Vancouver #1 In NATION For Rising Rents

Vancouver WA is now #1 in the nation for rising rents. 

If you are a tenant in this town, you don't need a news report to tell you that your rent is super high.  But, what can you do? 

Scroll to the bottom to take a look at a recent news broadcast on KGW channel 8.

Here are several ways to reduce your spending so there is more money in your checking account when it is time to write the rent check: 

1. Get rid of the stuff you don't need and don't use.  Have a garage sale, place an ad on craigslist, or post it on Facebook.  Then, SAVE THE MONEY!  If you just have stuff, and it is won't sell, get rid of it.  Declutter and create more space.  Having more space will make the small area you live in more enjoyable and actually live larger.

2. Walk. Discover your neighborhood, meet your neighbors and check out the services that are close enough to walk to. The other benefits, regular exercise can help you reduce your wiegh, and even reduce long term medical costs.  A simple walk can even improve how you feel, and increase your energy levels. How does this save you money?  Spend an hour walking, not buying gas, not at the gym (which costs money) and improve your fitness.

3. Unplug appliances and electronics you are not using. Lots of those electonic devices eat up energy eeven when they are not on. That means your X-Box, the toaster, the coffee machine, the stereo you never use unless friends are over.  Unplug and save that money on your electric bill.  Only plug in when you use them.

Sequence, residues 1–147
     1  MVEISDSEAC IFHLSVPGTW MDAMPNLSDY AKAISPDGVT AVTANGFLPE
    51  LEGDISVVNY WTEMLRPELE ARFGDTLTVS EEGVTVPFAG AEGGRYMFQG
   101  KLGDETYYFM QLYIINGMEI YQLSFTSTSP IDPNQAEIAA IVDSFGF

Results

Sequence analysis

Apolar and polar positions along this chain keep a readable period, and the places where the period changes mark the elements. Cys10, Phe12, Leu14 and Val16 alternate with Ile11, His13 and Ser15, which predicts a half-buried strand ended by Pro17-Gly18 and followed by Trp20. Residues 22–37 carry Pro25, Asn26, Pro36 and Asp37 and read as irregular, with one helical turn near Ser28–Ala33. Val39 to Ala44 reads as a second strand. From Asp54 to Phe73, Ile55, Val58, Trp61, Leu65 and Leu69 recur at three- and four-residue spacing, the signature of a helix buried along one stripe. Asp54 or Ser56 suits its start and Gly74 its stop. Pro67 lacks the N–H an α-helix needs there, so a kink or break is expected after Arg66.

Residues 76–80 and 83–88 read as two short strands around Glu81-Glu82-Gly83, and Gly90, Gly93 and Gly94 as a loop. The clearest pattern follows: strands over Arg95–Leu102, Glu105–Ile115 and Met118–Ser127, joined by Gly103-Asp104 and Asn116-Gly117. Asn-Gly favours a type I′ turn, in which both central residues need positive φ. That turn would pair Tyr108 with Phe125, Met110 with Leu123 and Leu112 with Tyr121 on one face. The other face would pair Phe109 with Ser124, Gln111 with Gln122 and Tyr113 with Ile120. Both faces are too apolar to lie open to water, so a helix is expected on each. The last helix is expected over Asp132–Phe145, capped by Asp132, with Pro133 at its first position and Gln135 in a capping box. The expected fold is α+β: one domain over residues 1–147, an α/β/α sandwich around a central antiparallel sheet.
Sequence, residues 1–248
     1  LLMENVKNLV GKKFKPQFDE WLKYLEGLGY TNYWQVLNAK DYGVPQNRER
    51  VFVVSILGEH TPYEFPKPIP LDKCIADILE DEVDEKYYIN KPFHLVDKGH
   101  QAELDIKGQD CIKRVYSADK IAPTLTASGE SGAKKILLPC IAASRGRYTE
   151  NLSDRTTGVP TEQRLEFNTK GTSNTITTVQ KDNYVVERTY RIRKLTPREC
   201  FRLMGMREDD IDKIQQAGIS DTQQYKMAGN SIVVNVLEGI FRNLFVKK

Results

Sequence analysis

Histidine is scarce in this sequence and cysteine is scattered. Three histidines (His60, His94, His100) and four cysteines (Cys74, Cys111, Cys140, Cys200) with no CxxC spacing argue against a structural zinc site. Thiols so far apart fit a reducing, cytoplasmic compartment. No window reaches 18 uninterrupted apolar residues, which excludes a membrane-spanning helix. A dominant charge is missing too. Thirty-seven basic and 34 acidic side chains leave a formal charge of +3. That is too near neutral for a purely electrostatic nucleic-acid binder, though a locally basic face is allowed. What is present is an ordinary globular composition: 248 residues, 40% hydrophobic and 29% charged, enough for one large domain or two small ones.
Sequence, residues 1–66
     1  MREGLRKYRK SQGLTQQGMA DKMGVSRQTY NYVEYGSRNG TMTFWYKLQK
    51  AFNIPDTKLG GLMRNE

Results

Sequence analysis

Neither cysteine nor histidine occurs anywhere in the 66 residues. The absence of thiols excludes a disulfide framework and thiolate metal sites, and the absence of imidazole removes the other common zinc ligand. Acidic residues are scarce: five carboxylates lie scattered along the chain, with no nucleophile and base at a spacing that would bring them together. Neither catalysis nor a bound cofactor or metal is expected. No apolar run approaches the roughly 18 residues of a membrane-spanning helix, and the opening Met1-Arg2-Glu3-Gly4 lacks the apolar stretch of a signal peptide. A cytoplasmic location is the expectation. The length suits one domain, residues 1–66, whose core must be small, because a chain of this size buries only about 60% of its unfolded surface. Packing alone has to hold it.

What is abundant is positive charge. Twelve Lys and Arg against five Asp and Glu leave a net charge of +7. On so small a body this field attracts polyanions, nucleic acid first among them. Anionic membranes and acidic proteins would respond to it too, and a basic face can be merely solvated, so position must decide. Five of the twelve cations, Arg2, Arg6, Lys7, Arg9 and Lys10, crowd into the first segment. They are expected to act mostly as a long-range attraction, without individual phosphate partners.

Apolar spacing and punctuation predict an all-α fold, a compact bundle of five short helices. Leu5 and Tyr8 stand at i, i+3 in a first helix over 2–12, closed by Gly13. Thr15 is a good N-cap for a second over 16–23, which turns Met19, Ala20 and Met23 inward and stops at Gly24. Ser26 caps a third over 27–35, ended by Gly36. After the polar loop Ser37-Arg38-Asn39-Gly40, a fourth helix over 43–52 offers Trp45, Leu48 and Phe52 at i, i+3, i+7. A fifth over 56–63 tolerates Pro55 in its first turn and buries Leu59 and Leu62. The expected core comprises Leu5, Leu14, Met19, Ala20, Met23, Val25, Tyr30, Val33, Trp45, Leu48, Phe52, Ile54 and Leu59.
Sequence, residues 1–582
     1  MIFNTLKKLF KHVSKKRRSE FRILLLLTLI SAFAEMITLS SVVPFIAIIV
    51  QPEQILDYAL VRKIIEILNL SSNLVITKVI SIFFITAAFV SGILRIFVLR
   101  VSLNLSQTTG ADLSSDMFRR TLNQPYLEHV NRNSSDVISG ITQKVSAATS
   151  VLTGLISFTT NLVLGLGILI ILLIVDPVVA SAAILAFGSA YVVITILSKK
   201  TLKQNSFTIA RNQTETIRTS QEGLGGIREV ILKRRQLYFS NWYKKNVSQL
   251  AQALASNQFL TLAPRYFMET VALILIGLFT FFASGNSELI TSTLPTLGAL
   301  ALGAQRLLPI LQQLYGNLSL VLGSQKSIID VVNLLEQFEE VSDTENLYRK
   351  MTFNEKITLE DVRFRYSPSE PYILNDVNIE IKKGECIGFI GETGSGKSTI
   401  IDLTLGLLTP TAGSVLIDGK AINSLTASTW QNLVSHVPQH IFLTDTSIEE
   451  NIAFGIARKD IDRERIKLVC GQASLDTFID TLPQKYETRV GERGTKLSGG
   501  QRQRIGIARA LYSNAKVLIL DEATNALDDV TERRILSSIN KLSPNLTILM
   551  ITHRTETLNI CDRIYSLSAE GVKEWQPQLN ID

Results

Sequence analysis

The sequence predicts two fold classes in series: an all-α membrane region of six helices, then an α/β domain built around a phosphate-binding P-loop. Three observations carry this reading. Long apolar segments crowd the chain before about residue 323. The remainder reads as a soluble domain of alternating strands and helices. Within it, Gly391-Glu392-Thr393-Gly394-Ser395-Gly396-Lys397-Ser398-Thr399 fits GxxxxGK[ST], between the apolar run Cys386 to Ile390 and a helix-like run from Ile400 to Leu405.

4. Ditch your bank and find one that honors you.  Are you paying a monthly fee for your checking account? You may need to check into a credit union or a bank that doesn't charge you for keeping your money there. Check out the ATM fees and only use ATMs that don't charge you.  Check the online services, and one that will pay you interest on your checking and savings. A simple switch could save you $20 or more a month and it won't make any difference in how you live, in fact it may even make your life simplier with some good onkine banking.

5. Make a list when you go to the super market. Check your cabinets and pantry before you go to the store. Make sure you only get what is on your list, and don't buy things that you already have. Make a menu, what will you eat this week?  Then eat it! 

6. Shop at the lowest priced grocery store in your neighborhood.  I know it may be quicker to stop a store on your way home and grab a few things, but is that store offering the best prices?  Make sure you know and only shop at the store that truly offers the best prices. 

7. Clip some coupons.  Well, down load the app.  There are several apps that can help you find all of the local coupons for your area.  Then check out sites like Simple Dollar Coupon Finder, free coupons there every day.  See if there are manufacturers coupons for the things you are going to buy anyway.  Plan your weekly meals and needed items around what you can save money on by looking at the grocery stores weekly circular.

8. Stop by the library and borrow a movie or a book.  Rentals add up, they count on you being late.  So, check out the library instead.

9. Drop the satillite or cable TV.  Try the 30 days of free Netflix, then if it seems like you will miss TV on cable, get the $7.99 a month deal.  Then make sure you put the savings into your account marked SAVINGS! 

10. Make sure you have a savings account.  Even if you can only put $10 a month into that account, $10 x12 months is $120 you didn't have before.  Once you start saving, guess what?  You will want to save more!